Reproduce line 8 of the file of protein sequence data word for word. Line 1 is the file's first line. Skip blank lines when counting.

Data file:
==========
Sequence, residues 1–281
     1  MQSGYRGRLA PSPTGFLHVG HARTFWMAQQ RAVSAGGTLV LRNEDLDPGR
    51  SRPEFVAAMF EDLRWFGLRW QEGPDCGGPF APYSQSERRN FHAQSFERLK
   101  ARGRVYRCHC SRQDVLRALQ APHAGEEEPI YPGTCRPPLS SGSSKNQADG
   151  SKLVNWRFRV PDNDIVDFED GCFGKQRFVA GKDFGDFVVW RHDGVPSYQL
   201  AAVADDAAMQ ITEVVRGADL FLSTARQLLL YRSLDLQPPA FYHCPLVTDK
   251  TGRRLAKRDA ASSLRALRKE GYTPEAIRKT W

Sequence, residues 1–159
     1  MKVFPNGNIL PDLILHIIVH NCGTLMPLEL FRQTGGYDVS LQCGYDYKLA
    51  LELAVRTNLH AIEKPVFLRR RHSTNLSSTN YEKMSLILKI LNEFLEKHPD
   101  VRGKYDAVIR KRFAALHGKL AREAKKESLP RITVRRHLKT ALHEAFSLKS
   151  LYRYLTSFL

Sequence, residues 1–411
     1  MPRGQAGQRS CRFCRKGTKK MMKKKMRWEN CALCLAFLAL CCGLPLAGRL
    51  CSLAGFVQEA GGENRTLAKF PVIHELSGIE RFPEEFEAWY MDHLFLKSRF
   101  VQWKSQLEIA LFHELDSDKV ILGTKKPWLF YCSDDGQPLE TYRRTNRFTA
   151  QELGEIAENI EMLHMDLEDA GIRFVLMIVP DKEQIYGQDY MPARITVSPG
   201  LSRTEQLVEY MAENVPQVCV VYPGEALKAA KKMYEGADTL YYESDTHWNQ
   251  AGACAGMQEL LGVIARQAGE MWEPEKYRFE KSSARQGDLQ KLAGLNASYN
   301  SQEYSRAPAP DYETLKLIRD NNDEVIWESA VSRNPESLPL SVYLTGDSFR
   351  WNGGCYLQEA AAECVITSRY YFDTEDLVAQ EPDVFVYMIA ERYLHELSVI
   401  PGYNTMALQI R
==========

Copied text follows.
Sequence, residues 1–159